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When Permutations & Combinations and Data Sufficiency Come Together on the GMAT!

When Permutations & Combinations and Data Sufficiency Come Together on the GMAT!

While discussing Permutations and Combinations many months back, we worked through several examples of arranging people in seats. Today we bring you an interesting question based on those concepts. It brings to the fore the tricky nature of both Data Sufficiency and Combinatorics – so much so that when the two get together, it is unlimited fun!

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GMAT Tip of the Week: The Most Important Word on the GMAT

GMAT Tip of the Week: The Most Important Word on the GMAT

Over the course of your GMAT exam, you’ll read thousands of words. Each Reading Comp passage, for example, will have ~300 of them; each Sentence Correction prompt will have ~40. And while you won’t spend much time reading the words in the Data Sufficiency answer choices, having long since internalized what each letter means, you’ll spend plenty of time poring over keywords in the question stem. You’ll need to process tons of words as you take the GMAT, but on most questions one word will make all the difference:

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School Profile: Find Your Personal Greatness at West Point

School Profile: Find Your Personal Greatness at West Point

The United States Military Academy at West Point, New York is not your ordinary liberal arts college. Ranked #33 among colleges in the Veritas Elite College Rankings, the US Military Academy is a prestigious liberal arts college, and one of the oldest military academies in the world, that enrolls over 4,600 students (military cadets) who upon graduation enter the military as officers to serve five year tours of duty. There is no tuition, and student housing and meal plans are free. There is even a small monthly stipend while attending school. Summer sessions are spent in military training.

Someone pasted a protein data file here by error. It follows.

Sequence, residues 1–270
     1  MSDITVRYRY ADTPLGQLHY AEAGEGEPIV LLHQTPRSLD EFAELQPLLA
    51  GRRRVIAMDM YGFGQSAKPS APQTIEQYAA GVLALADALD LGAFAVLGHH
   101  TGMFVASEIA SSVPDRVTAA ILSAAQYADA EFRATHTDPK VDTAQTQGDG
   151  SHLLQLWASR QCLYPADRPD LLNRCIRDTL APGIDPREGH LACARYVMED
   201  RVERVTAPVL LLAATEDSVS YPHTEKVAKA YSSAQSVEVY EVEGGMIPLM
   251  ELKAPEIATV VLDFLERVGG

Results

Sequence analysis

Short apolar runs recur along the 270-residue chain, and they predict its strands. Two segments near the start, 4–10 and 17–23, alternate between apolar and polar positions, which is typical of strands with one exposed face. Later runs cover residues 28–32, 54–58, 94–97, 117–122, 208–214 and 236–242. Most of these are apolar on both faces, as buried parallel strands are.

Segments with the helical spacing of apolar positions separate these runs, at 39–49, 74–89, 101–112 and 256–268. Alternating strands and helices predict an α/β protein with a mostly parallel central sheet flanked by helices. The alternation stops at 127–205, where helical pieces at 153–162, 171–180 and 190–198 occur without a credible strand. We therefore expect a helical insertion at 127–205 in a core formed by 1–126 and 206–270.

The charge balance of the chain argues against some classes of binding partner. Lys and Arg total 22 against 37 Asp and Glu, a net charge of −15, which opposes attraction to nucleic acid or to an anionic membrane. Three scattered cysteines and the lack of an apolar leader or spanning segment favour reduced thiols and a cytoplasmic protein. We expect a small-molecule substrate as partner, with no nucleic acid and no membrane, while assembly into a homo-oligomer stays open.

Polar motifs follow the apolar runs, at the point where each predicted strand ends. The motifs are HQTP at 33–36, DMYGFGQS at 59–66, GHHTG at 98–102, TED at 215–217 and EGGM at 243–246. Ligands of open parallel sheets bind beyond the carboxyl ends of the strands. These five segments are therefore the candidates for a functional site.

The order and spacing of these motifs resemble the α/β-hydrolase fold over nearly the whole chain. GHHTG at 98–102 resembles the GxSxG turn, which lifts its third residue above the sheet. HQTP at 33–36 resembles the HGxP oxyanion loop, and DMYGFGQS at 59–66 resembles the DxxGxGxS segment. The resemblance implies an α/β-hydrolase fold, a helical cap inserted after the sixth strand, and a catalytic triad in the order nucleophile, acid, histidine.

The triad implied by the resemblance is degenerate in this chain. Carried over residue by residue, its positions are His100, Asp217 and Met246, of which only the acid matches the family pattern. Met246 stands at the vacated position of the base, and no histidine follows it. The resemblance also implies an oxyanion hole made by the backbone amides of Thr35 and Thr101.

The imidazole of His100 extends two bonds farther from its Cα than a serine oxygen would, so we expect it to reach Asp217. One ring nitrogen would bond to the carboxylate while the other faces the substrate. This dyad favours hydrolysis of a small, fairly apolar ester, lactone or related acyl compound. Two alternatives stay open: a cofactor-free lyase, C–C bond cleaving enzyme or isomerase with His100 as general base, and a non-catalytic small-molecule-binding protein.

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Stanford GSB Application Essays and Deadlines for 2014-2015

Stanford GSB Application Essays and Deadlines for 2014-2015

Stanford GSB has released its MBA admissions essays and deadlines for the Class of 2017. Last year Stanford resisted the urge to cut an essay (while many other top MBA programs did reduce their number of required essays), but this year is another story: Stanford now only requires two essays, including its famous “What matters most to you, and why?” question. Plus, the Stanford GSB admissions team made a curious change to what we thought was one of last year’s most interesting application essays.

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Use This Process When Solving Sentence Correction Questions on the GMAT

Use This Process When Solving Sentence Correction Questions on the GMAT

Sentence correction questions are among the least understood questions on the GMAT. Many native English speakers feel they can get by using their ears on sentence correction. However, the questions chosen on the GMAT generally have specific logical elements that must be evaluated in order to get to the right answer. Simply put, the grammar matters, but it’s more about the meaning than about the grammar.

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Filed in: GMAT, GMAT Tips, Gmat Verbal